Rafael Nadal - ATP Masters Series Monte Carlo - Day Eight

For the third time in four years, Barcelona audiences thrill to the spectacle of an all-Spanish final at a tournament that has not crowned a foreign champion since 2002.  Aligned to challenge five-time champion Nadal for the second time in two weeks, Ferrer confronted his fabled compatriot in the 2008 and 2009 finals here as well as a 2007 semifinal.  The diminutive, pugnacious world #6 once called himself  the “worst player in the top 100” but has voiced an almost defiant confidence in the face of the mountainous task before him.  Offering Ferrer a ray of hope is his gallant performance in the 2008 Barcelona final, the only occasion on which he won a set from the five on clay since the latter’s first Roland Garros title.  As he observed, though, only an indifferent performance from Nadal can offer him an opportunity to threaten the world #1, while he must display outstanding tennis in order to capitalize upon such an opportunity.  In the Monte Carlo final, a distinctly mortal Rafa still stifled his compatriot in straight sets amidst an afternoon riddled with more unforced errors than either player normally concedes.  An opponent with a thunderous offense, like a Djokovic or a Soderling, might well have punished Nadal for the diffident mid-court balls that betrayed his nerves.  Lacking the requisite first-strike power, Ferrer cannot wreak similar devastation but instead must attempt to win a war of attrition, thus playing neatly into the hands of the indefatigable world #1.

With that first title of the season fresh in his memory, Nadal’s nerves will have receded at the tournament closest to his Mallorcan lair.  Not just defeating but dominating their opponents, both players have advanced to the final with minimal ado.  Unconquered by a compatriot in Spain since 2003, Nadal should reassert his supremacy over his nation.  But Ferrer has infused intrigue into this clay season, crafting a potential alternate script to the Nadal-Djokovic duel at the top that seemed certain to develop.

While Barcelona spectators may wonder which Spaniard to support, Stuttgart audiences will have little difficulty identifying the bearer of their hopes.  Spared by Azarenka’s shoulder injury, Julia Goerges surged through this bristling draw into the most significant final of her career.  Stirring German pride, she ambushed Stosur in an epic semifinal by out-serving the Australian on crucial points and retaining her poise when the match hung in the balance.  Goerges may relish the opportunity to shine in the absence of her charismatic countrywoman Petkovic, who had monopolized most headlines related to German tennis.  With a win over Wozniacki, who defeated Petkovic two rounds ago, she could claim a substantial share of the spotlight while vaulting well inside the top 30.  And she can reflect upon a clash with the world #1 at Copenhagen last year, which soared unexpectedly into a third-set tiebreak.  Now that the battleground shifts to her home country, will she feel the pressure that Wozniacki felt in Denmark?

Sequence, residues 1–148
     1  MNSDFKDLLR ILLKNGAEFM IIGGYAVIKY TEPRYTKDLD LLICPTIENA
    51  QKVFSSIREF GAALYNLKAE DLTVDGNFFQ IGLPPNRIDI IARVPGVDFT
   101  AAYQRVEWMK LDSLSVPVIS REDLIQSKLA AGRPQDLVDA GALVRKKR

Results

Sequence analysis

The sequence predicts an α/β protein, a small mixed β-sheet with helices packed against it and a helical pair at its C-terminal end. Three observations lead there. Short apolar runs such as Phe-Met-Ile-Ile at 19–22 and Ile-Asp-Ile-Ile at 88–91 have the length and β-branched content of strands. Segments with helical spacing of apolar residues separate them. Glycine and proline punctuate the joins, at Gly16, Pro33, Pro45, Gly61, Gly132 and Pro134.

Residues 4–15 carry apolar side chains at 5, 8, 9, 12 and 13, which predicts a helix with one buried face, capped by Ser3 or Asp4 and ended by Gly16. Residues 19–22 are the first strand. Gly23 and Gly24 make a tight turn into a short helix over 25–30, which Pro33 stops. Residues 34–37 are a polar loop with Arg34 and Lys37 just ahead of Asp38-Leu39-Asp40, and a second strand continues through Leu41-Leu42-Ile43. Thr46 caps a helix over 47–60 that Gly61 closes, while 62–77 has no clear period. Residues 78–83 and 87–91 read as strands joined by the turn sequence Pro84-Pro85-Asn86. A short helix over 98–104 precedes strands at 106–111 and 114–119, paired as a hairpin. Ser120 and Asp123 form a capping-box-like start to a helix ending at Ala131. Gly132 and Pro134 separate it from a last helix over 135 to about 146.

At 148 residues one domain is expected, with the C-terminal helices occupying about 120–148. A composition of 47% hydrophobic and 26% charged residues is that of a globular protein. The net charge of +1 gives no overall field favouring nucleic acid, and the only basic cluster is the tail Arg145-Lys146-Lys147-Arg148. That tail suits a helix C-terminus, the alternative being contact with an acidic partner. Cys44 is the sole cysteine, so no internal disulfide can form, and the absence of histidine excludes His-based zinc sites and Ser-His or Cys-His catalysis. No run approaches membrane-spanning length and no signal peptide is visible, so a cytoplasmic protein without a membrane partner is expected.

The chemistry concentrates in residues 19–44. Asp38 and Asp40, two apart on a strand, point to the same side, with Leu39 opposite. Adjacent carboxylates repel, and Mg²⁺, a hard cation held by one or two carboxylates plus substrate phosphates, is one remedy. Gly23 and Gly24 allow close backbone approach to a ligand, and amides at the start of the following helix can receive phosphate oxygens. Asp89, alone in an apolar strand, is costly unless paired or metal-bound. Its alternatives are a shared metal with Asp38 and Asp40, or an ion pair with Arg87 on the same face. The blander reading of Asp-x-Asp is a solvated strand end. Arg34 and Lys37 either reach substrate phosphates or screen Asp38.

While Goerges seeks her first Premier title, the world #1 pursues an almost equally momentous milestone:  her first red clay title.  Twice a finalist on this surface in 2009, Wozniacki inhabits a generation with few clay specialists who could block her route in Paris.  Fallible during her charge to the Charleston title, she has grown looked progressively more in command of her surroundings this week.  In an arena that once hosted a fall hard-court tournament, the indoor clay of Stuttgart imperfectly resembles the slower, grittier dirt of Roland Garros.  Nevertheless, Wozniacki would boost her self-belief on the surface by claiming the trophy (and instrument of transportation) captured by Henin a year ago.  Before her 21st birthday, she already threatens to evolve into an all-surface contender, a splendid achievement for her and a disquieting prospect for her rivals.